lady's dresses and shoes. Note that in all these auctions the phoney
    seller does not accept PayPal or credit card payment, and in several
    cases expects to give "pre-approval" to bidders. I think it's a bad
    mistake for eBay to allow this, since it effectively hides bidders and
    prevents whistle blowers (like me) from warning them.

    Over the past few years I've purchased loads of Nikon equipment using
    eBay with overall great results, but now things have changed
    dramatically. When looking the ads over for 14n, D100, D1X etc.,
    there are times when almost every other ad is a fraud! When this
    slime figures out how to manipulate the system a bit better than they
    do now, it will be difficult even for seasoned buyers to discriminate
    fraud from legitimate sellers. I don't know about you, but I'd like
    to see eBay healthy again, and a forum for honest transactions. If
    it's to be a place where we're willing to buy again, it's up to all of
    us to be vigilantes, rant, rave etc....

    On Mon, 13 Oct 2003 08:38:45 -0400, "Bowser-" <> wrote:

    >Actually, you do make a point that spotting fraud in auctions is easy, and
    >that e-bay has provided enough tools to allow you to protect yourself. There
    >are millions of items for auction on that site, and we can't expect the
    >managers to find each and every shady auction.
    >
    >Caveat Emptor.
    >
    >"Nikki" <> wrote in message
    >news:...
    >> Too bad half the ads are from scumbags. Check these out, paying
    >> attention to the seller's feedback in each case:
    >>
    >> "cobergman"
    >> eBay #2957376212
    >>
    >> "zelovia"
    >> eBay #2957133851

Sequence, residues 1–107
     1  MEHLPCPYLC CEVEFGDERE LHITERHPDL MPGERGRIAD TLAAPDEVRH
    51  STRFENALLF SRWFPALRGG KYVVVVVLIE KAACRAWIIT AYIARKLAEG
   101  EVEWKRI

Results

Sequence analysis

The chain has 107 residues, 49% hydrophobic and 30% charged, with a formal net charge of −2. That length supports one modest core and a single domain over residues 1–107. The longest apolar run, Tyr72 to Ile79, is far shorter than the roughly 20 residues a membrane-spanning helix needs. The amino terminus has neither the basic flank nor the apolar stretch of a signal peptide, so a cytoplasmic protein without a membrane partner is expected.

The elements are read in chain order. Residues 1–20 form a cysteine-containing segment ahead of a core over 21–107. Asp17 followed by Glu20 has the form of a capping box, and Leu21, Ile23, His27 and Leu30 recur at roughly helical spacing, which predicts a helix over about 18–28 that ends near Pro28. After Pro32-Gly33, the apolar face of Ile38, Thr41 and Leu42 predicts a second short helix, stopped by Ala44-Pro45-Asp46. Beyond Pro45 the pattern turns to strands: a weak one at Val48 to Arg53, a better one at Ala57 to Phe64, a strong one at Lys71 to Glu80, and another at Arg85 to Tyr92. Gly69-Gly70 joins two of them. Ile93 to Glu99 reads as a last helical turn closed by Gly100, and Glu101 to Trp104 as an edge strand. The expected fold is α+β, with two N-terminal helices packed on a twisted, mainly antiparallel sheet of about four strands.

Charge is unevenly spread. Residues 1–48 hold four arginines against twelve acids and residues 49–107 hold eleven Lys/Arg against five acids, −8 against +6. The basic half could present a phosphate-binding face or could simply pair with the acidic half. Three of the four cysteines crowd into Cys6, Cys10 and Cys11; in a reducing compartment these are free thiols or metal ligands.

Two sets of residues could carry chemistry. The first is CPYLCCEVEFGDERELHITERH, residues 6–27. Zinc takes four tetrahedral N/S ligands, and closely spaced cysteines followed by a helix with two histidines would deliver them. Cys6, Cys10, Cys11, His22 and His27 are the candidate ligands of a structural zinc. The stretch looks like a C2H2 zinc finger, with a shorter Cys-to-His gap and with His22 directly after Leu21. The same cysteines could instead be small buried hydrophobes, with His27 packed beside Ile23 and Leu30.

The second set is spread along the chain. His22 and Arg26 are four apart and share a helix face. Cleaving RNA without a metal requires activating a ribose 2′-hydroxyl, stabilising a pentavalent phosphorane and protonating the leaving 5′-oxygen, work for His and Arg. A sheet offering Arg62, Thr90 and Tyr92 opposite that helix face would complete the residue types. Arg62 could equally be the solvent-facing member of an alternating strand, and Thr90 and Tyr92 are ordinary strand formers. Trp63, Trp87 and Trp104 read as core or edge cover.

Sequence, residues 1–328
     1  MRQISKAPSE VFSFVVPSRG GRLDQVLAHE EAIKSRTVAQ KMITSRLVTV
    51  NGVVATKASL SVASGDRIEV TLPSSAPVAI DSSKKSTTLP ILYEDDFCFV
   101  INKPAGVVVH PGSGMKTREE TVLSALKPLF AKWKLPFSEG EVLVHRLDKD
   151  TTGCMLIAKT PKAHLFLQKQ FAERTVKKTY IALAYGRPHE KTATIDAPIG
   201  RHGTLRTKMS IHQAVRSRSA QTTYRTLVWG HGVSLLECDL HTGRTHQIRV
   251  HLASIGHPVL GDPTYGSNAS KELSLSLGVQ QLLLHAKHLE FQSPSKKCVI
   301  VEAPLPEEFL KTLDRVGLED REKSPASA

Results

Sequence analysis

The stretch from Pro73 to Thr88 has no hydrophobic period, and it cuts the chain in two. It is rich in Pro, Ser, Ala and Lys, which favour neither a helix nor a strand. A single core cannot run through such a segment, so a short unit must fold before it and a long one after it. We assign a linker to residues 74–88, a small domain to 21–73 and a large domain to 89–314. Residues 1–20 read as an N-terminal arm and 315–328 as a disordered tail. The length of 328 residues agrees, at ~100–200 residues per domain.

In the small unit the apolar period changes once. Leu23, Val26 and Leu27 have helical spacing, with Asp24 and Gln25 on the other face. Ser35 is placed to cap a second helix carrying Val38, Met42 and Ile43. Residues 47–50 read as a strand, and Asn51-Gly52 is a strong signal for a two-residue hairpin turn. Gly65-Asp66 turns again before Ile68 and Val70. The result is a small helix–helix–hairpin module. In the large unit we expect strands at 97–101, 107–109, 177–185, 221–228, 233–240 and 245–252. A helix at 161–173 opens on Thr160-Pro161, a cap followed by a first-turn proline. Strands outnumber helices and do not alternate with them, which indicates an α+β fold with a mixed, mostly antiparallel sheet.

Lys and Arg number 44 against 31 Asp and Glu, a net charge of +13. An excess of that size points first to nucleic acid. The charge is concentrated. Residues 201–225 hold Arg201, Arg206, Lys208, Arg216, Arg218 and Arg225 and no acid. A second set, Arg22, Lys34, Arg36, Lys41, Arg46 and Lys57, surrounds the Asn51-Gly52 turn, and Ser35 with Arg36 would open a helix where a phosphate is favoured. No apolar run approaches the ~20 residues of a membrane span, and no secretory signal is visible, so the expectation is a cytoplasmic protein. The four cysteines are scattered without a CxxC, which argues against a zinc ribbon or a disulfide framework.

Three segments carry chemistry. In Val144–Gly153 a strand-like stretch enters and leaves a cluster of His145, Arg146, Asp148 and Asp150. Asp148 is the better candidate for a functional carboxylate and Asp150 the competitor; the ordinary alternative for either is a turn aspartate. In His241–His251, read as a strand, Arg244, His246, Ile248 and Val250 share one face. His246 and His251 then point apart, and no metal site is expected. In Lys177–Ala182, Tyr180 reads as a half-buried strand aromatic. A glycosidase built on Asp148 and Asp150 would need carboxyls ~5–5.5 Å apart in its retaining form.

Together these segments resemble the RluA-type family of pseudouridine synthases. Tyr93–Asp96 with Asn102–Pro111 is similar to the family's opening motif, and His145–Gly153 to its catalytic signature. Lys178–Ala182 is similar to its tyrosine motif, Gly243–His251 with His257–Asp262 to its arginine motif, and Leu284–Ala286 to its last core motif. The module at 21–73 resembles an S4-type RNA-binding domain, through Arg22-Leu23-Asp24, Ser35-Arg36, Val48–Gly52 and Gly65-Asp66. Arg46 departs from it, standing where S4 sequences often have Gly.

>>
    >> "mybookroom"
    >> eBay #2957472080
    >>
    >> "dstuart42"
    >> eBay #2957364905, #2957365094, #2957365436
    >>
    >> "sacredfiredraconian"
    >> eBay #2957465571
    >>
    >> eBay is evidently too busy raking in money from seller fees to worry
    >> about these fraud artists. I've noticed that no sooner are their ads
    >> killed but twice as many take their place. All of the above users
    >> except for the last is undoubtedly an innocent victim of identity
    >> theft, but according to eBay policy it's essentially impossible for
    >> those seeing these ads to inform the individuals that their ID's are
    >> being used to commit fraud.
    >>
    >> You may figure that if there are 7 frauds for 14n cameras alone (and
    >> that's just today), that there must be thousands of these throughout
    >> the photo and electronic sections of eBay. Clearly it's a time to be
    >> verrrry careful when considering camera purchases or purchase of any
    >> big-ticket items on eBay.
    >>
    >> If you want to have some fun, try bidding small amounts on these, or
    >> contact the sellers, asking for payment instructions and references.
    >> A couple days ago some hero bid $122,000 for one of these 14n cameras,
    >> just to kill the ad...knowing full well the seller had no intention to
    >> deliver. The scumballs are often now resorting to hidden bids and
    >> "preselected bidders," methods by which those wishing to warn bidders
    >> about fraud are thwarted. Thanks eBay for your wisdom and
    >> consideration. Thanks a bunch.

    >